Foreword by Bettina Bien Greaves.
Appendix by Edward Atkinson, Introduction by Hodgson Pratt, Prefatory letter by Frédéric Passy.

They were inseparable until Jenny died a few years later.

After a celebrated whaling incident in 1672, . By the 1730s, the American colonies had 60 whaling ships competing with European ships in eradicating the North Atlantic’s megafauna during the Golden Age of Whaling. could not be profitably slaughtered until the , so the sailing ships immortalized in scoured the world of its preindustrially gainful whales. Before 1800, the whales catchable by the day’s technology , and the fleets began sailing the Pacific and Indian oceans in search of whales.

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- Thomas Jukes in a letter to the author, 1992

It can be helpful at this juncture to grasp the cumulative impact of , inventing , inventing , inventing that made possible, and inventing . Pound-for-pound, the complex organisms that began to dominate Earth’s ecosphere during the Cambrian Period consumed energy about 100,000 times as fast as the Sun produced it. Life on Earth is an incredibly energy-intensive phenomenon, powered by sunlight. In the end, only so much sunlight reaches Earth, and it has always been life’s primary limiting variable. Photosynthesis became more efficient, aerobic respiration was an order-of-magnitude leap in energy efficiency, the oxygenation of the atmosphere and oceans allowed animals to colonize land and ocean sediments and even fly, and life’s colonization of land allowed for a . Life could exploit new niches and even help create them, but the key innovations and pioneering were achieved long ago. If humanity attains the , new niches will arise, even of the , but all other creatures living on Earth have constraints, primarily energy constraints, which produce very real limits. Life on Earth has largely been a for several hundred million years, but the Cambrian Explosion was one of those halcyonic times when animal life had its greatest expansion, not built on the bones of a mass extinction so much as blazing new trails.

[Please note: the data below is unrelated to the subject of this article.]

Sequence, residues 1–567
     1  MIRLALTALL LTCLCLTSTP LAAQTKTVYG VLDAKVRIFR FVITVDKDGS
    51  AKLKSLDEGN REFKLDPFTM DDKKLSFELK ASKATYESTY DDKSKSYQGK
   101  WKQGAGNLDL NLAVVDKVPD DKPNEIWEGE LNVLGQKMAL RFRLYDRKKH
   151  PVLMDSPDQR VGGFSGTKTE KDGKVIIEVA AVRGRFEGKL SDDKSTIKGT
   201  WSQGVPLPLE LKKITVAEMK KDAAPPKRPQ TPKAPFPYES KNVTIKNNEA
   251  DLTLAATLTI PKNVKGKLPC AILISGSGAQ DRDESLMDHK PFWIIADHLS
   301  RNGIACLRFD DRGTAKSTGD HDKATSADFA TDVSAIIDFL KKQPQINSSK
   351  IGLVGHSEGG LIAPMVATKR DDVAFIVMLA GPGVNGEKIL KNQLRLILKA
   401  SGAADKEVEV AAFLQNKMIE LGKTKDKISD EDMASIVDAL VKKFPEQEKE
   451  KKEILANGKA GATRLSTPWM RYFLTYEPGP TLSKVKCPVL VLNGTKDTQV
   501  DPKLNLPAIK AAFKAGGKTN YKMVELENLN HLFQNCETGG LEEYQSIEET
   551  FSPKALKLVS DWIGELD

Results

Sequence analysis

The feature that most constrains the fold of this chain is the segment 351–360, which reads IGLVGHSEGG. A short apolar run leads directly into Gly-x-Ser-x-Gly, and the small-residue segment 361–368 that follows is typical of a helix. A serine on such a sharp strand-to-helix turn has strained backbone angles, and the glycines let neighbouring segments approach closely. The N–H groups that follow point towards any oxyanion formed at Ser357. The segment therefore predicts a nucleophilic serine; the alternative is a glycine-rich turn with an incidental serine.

To the elephant, our scrap of consciousnessMay seem as inconsequential as a space-invader blip.

Пошла заключительная часть нашего эфира

Except for New Guinean highlanders, initial European contact with all of those relict populations was universally disastrous, just as and elsewhere for centuries. Those initial contacts happened in anthropology’s early days, and studied the Andamans in the early 20th century, when they were tattered remnants of the people of a century earlier. The people were also devastated by European invasion. When the Dutch invaded what became South Africa, the Southern San were driven to extinction while the !Kung survived in the . Andamans, !Kung, and Aboriginal Australians all had/have strikingly similar religious ceremonies, which were marathon singing and dancing sessions that could last all night. Some rituals lasted for months. Their rituals are very likely what the first religions looked like, which were strenuous ordeals in which people reached frenzied states that left them exhausted. Today’s leading hypothesis is that those rituals created group cohesion that held their society together. The social glue of monkey and ape societies is grooming, but humans seem to have , and those early rituals further cemented the bonds.